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Download PDF Symbian OS Explained Effective C++ Programming for Smartphones by Jo Stichbury

It’s with you all the time, ready to send and receive phone calls or messages, play alarms to wake you, connect to the phone network or other devices, organize your personal information or play games. Whatever you want to do, you want access to your phone to be instant. It should be ready without the long boot-up you expect from a PC. It should react to user input from the moment you pick it up. And it should be reliable. As a mobile phone owner, how many of your contacts’ phone numbers do you know? Your phone keeps your personal data for you and it’s essential that it doesn’t lose it.
Let’s examine the consequences of these features on the design of a mobile operating system, such as Symbian OS. The phone may be small and light, but, as users, we still demand it to have a reasonable battery life. This places huge importance on efficient power management. The operating system cannot drain  the battery and must allow the processorto power parts of the system down where possible, although it cannot ever power off completely because it must handle incoming calls and messages, and signal alarms.
The user expects the phone to be responsive, not sluggish to respond to each key press; the operating system and hardware must carefully balance demands for good performance speed with the consumption requirements of power-hungry processors. Costs are also important: they limit the processor and amount of memory in a mobile device. The operating system must be efficient, to make best use of the limited
processor and memory resources available, whilst using the least power.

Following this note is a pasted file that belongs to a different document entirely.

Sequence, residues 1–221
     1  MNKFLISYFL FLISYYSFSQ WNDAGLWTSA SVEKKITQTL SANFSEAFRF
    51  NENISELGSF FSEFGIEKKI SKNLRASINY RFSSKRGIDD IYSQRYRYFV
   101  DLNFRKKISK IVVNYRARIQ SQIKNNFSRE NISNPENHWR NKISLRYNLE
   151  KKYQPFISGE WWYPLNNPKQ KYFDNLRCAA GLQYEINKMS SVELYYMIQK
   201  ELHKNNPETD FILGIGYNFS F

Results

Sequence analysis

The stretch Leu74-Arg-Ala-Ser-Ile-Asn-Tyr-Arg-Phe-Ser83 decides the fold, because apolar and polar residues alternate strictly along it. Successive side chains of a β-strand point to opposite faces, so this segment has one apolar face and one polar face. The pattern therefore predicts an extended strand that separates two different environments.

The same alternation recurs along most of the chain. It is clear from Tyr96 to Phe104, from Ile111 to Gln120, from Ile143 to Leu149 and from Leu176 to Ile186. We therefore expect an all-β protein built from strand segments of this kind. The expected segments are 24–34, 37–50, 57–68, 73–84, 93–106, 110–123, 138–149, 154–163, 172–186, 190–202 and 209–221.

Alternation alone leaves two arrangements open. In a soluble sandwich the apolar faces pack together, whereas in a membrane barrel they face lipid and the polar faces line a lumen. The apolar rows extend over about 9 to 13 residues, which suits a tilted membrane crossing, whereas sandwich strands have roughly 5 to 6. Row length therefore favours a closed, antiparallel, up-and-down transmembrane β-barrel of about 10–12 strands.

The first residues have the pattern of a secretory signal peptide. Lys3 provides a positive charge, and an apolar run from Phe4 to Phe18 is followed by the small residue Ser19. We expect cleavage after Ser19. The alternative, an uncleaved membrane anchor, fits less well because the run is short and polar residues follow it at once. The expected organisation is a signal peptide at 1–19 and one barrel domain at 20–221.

Besides being efficient, the operating system must be robust when the limited resources are exhausted. It must be engineered to cope with low memory conditions, loss of power or when a communications link is unavailable. Memory management is key. The operating system must track precious system resources accurately and free them when they are not required. It’s not acceptable for memory to slowly leak away, resulting in disintegration in performance and usability until the user is forced to reboot. The operating system should make it easy for software engineers to write code that runs without memory leaks and can handle out-of-memory conditions when they occur.
The mobile phone market is a mass market, with many millions of units shipped. It’s difficult, if not impossible, to recall them or require the user to upgrade through service packs. So when a phone is shipped, it’s shipped. It must not have any serious defects. Not only must the platform on which a phone is based be well-engineered, it must also provide the means for developers to build, debug and test robust code.
  1. Class Name Conventions on Symbian OS
  2. Leaves: Symbian OS Exceptions
  3. The Cleanup Stack
  4. Two-Phase Construction
  5. Descriptors: Symbian OS Strings
  6. Good Descriptor Style
  7. Dynamic Arrays and Buffers
  8. Event-Driven Multitasking Using Active Objects
  9. Active Objects under the Hood
  10. Symbian OS Threads and Processes
  11. The Client–Server Framework in Theory
  12. The Client–Server Framework in Practice
  13. Binary Types
  14. ECOM
  15. Panics
  16. Bug Detection Using Assertions
  17. Debug Macros and Test Classes
  18. Compatibility
  19. Thin Templates
  20. Expose a Comprehensive and Comprehensible API
  21. Good Code Style

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